A:        The CoA can deny accreditation to applicant programs if the program does not meet the G&P, but may give a deferral if the CoA determines that the program may be able to make adjustments. There is no guarantee that an applicant program will obtain accredited status. This means that as a student, there is risk involved in entering a program that is not yet APA accredited.

Q:        Is APA program accreditation guaranteed?

A:        No. Accreditation of a clinical doctoral graduate program can never be guaranteed and there are no shortcuts. As outlined above, there is a rigorous accreditation process that must be followed.

Q:        Why doesn’t the TCSPP clinical psychology doctoral program at XULA have the same APA accreditation as the clinical psychology doctoral program in Chicago?

A:        Accreditation by the APA’s CoA is not awarded to a school or campus, but rather a program. Each program presents its own self-study and is reviewed separately. The Chicago School’s (TCSPP) Chicago Campus Clinical Psychology program went through a similar process when it sought initial APA accreditation in the 1980s. That program was founded in 1979, and APA program accreditation was granted in October 1987. Subsequently, the program has been reaccredited following the CoA timeline and process.

Q:        How long does the APA program accreditation process take upon submission of the self-study?

A:        According to the CoA, it can take 18 months or more from the time a program submits a self-study until the CoA reaches a decision. Once the self-study is submitted, it undergoes an initial review by CoA to ensure internal consistency and that all sections are completed appropriately. CoA reviews self-studies three times a year. The document is then forwarded to a committee for a full review and determination if a site visit to the campus where the program is held is warranted. The committee may also ask questions for the program to answer prior to scheduling the program site visit.  

After the visit, the site visit team may have some additional questions for the program to answer, and, following receipt of answers to those questions, the team submits a report to the CoA. The report is made available to the campus leadership team for review and comment. After this process is completed, the program is placed on the CoA’s next program review agenda.

The CoA awards accreditation to those programs judged to be in accordance with the Guidelines and Principles (G&P) for Accreditation of Programs in Professional Psychology. The official date of accreditation is then retroactive to the date of the site visit.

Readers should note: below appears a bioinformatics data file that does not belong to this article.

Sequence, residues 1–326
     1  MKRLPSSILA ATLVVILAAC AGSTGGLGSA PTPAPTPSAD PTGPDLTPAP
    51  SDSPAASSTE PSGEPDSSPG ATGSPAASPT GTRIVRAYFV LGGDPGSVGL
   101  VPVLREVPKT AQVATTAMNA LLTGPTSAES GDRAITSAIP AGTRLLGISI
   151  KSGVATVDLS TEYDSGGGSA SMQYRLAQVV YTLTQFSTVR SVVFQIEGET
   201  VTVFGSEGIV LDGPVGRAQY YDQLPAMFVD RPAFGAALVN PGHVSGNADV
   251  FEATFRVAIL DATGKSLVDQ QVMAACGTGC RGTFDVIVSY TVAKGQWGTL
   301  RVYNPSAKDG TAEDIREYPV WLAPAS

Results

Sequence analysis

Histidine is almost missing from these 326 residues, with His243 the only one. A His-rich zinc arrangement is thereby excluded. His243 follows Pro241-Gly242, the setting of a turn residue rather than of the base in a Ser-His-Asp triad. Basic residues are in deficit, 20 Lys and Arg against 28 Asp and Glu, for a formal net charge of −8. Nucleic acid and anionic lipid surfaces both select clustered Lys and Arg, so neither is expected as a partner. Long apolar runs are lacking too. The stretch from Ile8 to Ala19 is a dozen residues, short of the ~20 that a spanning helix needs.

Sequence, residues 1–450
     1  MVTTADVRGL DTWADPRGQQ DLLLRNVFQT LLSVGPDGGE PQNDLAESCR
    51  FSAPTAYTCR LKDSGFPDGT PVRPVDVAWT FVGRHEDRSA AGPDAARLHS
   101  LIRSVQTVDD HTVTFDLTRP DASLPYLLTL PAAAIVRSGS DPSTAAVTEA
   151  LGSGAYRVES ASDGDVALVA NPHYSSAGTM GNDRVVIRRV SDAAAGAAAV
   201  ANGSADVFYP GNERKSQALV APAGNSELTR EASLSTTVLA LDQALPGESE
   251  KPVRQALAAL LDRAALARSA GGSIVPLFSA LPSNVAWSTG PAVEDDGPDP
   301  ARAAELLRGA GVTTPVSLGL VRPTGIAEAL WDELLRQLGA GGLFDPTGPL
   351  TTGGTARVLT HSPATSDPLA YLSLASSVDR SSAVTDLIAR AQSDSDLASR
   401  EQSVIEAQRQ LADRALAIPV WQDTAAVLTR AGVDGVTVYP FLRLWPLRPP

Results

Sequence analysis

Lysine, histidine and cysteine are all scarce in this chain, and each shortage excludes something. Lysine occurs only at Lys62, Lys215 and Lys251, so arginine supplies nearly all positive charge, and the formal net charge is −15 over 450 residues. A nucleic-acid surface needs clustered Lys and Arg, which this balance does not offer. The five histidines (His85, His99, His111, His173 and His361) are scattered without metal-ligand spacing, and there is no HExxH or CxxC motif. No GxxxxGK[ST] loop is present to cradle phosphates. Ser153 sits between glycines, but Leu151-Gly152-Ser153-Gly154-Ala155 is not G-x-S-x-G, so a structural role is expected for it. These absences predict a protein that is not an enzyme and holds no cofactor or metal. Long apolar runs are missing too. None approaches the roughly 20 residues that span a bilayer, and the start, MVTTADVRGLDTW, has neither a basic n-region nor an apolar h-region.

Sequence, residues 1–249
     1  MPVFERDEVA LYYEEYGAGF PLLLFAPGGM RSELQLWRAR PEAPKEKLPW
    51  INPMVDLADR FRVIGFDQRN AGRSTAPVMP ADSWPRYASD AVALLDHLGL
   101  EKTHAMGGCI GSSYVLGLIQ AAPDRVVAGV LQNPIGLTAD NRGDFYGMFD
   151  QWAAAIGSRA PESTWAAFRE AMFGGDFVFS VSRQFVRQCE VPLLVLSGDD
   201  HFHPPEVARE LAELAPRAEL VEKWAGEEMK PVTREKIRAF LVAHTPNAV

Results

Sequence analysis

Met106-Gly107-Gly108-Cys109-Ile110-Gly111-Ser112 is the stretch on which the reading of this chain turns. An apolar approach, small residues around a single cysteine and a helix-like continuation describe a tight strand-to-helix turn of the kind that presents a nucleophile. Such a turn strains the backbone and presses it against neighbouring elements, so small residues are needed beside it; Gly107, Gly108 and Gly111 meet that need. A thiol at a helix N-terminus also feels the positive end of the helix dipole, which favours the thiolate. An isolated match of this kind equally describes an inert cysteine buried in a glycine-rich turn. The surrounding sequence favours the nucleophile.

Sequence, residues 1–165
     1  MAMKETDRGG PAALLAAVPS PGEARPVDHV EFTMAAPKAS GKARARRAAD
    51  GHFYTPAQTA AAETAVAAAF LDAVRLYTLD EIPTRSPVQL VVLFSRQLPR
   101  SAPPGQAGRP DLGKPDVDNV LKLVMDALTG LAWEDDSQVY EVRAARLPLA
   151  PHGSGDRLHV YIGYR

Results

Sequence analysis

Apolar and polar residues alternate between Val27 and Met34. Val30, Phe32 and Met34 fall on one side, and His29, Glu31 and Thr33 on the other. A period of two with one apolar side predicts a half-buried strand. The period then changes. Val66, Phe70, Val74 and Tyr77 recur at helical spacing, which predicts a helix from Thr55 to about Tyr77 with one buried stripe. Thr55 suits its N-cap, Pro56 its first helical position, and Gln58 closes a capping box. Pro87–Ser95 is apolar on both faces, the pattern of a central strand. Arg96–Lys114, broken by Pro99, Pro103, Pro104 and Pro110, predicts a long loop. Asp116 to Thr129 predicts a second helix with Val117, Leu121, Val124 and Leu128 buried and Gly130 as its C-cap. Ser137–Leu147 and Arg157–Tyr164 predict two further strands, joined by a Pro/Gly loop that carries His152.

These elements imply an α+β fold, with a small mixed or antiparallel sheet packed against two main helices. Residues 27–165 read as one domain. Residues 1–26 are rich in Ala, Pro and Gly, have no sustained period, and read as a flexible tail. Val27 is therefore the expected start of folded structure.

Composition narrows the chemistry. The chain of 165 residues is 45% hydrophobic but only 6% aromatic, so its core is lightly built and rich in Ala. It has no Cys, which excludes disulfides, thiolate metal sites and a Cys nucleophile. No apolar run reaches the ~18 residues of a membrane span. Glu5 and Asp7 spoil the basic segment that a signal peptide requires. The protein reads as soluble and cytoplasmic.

Q:        Is the Doctor of Clinical Psychology Program of TCSPP at XULA currently able to pursue APA program accreditation?

A:        No. In order to consider programs for accreditation, the APA Office of Program Consultation and Accreditation expects that the program has an identifiable body of students at different levels of matriculation, as well as other standards. The Program is not be able to demonstrate this standard at this time, and therefore is not yet able to pursue APA accreditation.

Q:        Will the Doctor of Clinical Psychology Program of TCSPP at XULA pursue APA accreditation?

A:        TCSPP initiates the path toward accreditation even before its first students enroll in the Clinical Psy.D. program. After classes are initially enrolled, program administrators begin collecting and studying necessary data for the preparation of the self-study, including attrition and GPA trends. It will also set administrative standards, monitor dissertation quality, and engage in a host of other preparatory work.

Determination of when to make the application to APA will be at the sole discretion of TCSPP, however TCSPP will make a reasonable effort to apply for such accreditation once the Program is eligible to do so. If TCSPP determines that it will pursue APA accreditation, it will keep both current and prospective students informed that TCSPP is actively engaged in pursuing APA accreditation for the Doctor of Clinical Psychology Program of TCSPP at XULA, and every effort will be made to continually inform and update students of where TCSPP stands in this process. For instance, information sessions, department meetings, and brown bag lunches are held at least three times a year on the APA program accreditation process.